This book tells the life story of 80+ year old Edward Feathers, or Old Filth (an acronym for Failed in London try Hong Kong). For most of his adult life Feathers was a hard working lawyer and judge in the Far Eastern nations of the British Empire. He and his wife retire to rural England and once he is widowed he reflects back on his troubling childhood and youth. Born in what is now Malaysia, his mother dies in childbirth and at age 4, like other "children of the Raj" he is shipped back to a foster home and then private schools in England. His foster mother in Wales is cruel and the memories of that time which have been suppressed for years ultimately emerge. Feathers is a strange though likeable old man and it was interesting to escape into his mind. His life also spanned the heyday and fall of the British Empire as well as the Second World War so the book addresses a great deal of history (at least through the eyes of the protagonist). Sometimes the language was a bit old fashioned, and though it suited the character, it made it hard to read at times. But all in all a worthwhile read.
Wednesday, June 13, 2012
This book is loosely a sequel to MacIntyre's Giller award winning book, The Bishop's Man, and not nearly as good. The earlier book's central character was a priest, this book focuses on his sister Effie. It helped to have the context from the earlier book but it's not strictly necessary to read them in order. Though if you're only going to read one, I'd opt for Bishop's Man. Effie is a divorcee originally from Cape Breton who now lives in Toronto. She's a self-sufficient professor who has had bad experiences with men, including her father, two ex-husbands, and one deceased but serious boyfriend (not to mention a string of unidentified others). She thinks she's happy without men until a chance encounter with JC Campbell, a man from her past who she thinks is different. The book explores their very bizarre relationship which ends badly and shows Effie that all men lie. Her ex-husband drafts a manuscript entitled Why Men Lie which apparently reveals many secrets about their pasts in an effort to answer this question. Though Effie may ultimately decide she understands why men lie, the author didn't clearly explain to me his theories behind it. In the acknowledgments MacIntyre addresses the concern that he's written a book like this entirely from the perspective of a woman, and says he felt able to due to the strong women in his life. But I think he did a far better job writing the prior book from the male perspective.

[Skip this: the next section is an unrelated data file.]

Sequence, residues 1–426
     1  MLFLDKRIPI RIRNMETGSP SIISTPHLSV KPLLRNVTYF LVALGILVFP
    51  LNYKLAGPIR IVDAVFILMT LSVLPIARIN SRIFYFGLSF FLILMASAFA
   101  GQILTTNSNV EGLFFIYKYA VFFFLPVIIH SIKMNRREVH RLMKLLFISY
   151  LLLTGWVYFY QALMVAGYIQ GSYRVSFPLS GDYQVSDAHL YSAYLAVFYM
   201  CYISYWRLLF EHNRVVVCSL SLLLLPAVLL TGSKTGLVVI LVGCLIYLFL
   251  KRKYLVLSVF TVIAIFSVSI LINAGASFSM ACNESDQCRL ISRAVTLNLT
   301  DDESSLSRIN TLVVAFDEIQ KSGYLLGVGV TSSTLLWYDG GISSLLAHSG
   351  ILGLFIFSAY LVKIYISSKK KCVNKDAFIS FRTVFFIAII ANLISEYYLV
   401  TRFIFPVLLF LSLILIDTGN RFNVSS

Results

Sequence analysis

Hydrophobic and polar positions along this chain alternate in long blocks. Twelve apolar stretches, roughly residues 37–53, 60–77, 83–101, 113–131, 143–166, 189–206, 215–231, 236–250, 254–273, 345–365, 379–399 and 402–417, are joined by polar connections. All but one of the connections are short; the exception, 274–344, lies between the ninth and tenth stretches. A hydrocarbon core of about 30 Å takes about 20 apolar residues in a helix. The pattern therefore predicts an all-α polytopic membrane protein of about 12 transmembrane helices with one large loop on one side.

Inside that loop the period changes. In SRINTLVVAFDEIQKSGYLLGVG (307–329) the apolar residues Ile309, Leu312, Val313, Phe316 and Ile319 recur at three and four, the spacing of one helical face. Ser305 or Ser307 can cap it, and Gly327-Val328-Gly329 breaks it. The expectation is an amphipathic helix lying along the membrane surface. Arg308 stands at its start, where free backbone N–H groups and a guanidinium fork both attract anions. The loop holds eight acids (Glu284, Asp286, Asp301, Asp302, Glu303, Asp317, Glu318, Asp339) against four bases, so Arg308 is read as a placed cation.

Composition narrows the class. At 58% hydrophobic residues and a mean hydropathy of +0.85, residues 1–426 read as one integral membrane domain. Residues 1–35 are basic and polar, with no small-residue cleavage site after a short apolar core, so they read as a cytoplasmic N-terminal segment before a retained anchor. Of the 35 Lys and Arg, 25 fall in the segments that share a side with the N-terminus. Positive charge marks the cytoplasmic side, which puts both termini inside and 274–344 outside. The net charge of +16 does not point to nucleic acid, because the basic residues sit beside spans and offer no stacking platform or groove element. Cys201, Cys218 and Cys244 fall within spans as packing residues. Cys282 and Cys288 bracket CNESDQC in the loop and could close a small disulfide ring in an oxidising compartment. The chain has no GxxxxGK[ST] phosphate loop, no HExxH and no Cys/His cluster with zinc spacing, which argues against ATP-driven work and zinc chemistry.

Saturday, June 2, 2012
This is the latest novel by Tatiana de Rosnay, the author of Sarah's Key. Like her second novel, A Secret Kept, it is not nearly as good as Sarah's Key, but still isn't bad. The entire book is written from the point of view of Rose, a sixty year old widow in Paris in the late 1860s. She lives in the home that had been in her deceased husband's family for centuries and is now slated for demolition to accommodate the grand modernization schemes of Napoleon and Haussman. Rose refuses to leave her home despite evacuation orders and is holed up in the cellar with only her memories and a homeless man who brings her food, water and coal on a daily basis. Most of the book is written as a letter by Rose to her dead husband - she brings him up to date on life in the 10 years since his passing and eventually reveals a horrible secret that she harboured throughout the last years of their marriage. This is interspersed with occasional letters to Rose which is the only time the book reveals any one else's point of view. While sometimes I found Rose's voice got a bit tedious, it's interesting to imagine all the buildings and lives that were destroyed in order to create Paris as we know it today.